Friday, July 22, 2005

Words, words, words !

I have a major fascination with words and the English language which actually started before I started to become a serious writer. I love all sorts of language play - puns, anagrams, Scrabble, rearranging advertising slogans (eg. "Tense, nervous headache? You need Andrex!" - for those who are too young to remember the original advert or who are not familiar with the advert or the brand, it was originally "Anadin", a brand of painkiller (logically), rather than "Andrex", a brand of toilet paper !). The only thing I've never got the hang of is crosswords, strangely. Although I'm a complete pedant when it comes to English usage, I still love to play around with words: I have fun making up, or using other people's, invented words. Supercalafragalisticexpealidocious anyone ? Merely saying it slowly sounds quite atrocious - and writing it was even worse ! I went to Sweden a couple of years ago to give a Harry Potter paper, and I enjoyed trying to guess the origins of the place names I saw on the hour-long drive from the airport to the hotel where I was staying - a lot of them seemed to feature Tuna, but had nothing to do with fish !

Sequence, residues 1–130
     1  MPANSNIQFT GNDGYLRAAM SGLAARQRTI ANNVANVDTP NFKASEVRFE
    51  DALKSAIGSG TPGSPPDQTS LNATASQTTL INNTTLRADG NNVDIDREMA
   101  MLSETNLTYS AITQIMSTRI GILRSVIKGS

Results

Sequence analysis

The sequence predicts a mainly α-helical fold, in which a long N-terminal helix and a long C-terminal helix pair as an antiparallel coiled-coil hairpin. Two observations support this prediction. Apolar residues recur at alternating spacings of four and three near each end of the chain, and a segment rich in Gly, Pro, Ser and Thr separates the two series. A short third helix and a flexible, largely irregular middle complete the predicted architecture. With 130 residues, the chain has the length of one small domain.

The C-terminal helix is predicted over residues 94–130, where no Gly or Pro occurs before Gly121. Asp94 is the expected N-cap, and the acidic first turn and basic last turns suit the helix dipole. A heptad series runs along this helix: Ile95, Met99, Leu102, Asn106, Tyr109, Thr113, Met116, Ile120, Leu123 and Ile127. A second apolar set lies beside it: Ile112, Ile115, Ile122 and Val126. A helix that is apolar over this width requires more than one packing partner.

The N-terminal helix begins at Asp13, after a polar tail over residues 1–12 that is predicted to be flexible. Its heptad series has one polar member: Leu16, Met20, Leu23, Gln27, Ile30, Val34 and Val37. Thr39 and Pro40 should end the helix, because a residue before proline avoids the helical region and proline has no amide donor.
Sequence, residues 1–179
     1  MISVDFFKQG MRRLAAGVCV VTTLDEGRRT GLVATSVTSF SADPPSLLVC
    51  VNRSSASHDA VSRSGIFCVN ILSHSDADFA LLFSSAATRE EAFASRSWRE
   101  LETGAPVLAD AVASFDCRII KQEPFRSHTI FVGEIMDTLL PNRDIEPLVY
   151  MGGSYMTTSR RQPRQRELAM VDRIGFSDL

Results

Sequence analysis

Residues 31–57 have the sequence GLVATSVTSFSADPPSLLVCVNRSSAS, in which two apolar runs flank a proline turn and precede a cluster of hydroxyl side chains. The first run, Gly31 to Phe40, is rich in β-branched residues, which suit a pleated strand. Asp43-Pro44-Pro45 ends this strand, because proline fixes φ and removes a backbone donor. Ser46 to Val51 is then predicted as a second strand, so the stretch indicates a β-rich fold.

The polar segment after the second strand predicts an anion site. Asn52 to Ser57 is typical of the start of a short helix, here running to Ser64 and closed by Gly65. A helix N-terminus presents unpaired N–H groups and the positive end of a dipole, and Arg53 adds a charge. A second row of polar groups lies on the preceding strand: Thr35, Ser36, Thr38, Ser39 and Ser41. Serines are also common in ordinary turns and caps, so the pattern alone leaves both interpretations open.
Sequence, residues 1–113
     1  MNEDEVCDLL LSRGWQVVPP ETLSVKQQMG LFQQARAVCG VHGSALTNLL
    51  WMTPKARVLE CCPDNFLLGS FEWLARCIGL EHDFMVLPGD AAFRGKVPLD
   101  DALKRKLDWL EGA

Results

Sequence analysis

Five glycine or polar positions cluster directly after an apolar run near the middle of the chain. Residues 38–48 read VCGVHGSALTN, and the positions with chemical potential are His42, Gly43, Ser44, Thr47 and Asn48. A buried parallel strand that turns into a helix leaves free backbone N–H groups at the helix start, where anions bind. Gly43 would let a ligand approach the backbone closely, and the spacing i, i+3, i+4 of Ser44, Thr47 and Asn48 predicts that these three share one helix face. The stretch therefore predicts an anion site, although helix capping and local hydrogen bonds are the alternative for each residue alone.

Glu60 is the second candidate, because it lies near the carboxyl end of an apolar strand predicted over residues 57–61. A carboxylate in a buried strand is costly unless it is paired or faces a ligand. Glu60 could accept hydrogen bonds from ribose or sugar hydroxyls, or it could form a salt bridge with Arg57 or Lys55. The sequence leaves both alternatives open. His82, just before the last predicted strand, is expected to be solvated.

I love onomatopoeia too - words like susurration, which is a favourite of Terry Pratchett's Tiffany Aching in The Wee Free Men. Like Tiffany I've often read the dictionary as if it were a novel, and a friend recently told me the definition of a boring person: someone who looks up a word in the dictionary and then closes the dictionary - which seemed like a good definition to me. I love words so much that I receive two daily emails which give me a Word of the Day: is one website where you can sign up for such a service, but there are dozens more online.

Part of the reason why I enjoy both Terry Pratchett's books and Harry Potter is the linguistic fun they both offer; the Discworld books are full of "punes" (as they are invariably called on the Discworld) or plays on words, and there's fun in figuring out the English meaning of J K Rowling's often Latinised names for spells and creatures. And of course, it was the magic of language development which led Tolkien to the creation of The Lord of the Rings. Not that I've any intention of trying to create my own myths - I'll leave that to those with the imagination to create fictional worlds and I'll stick to what I'm better at, writing literary criticism.

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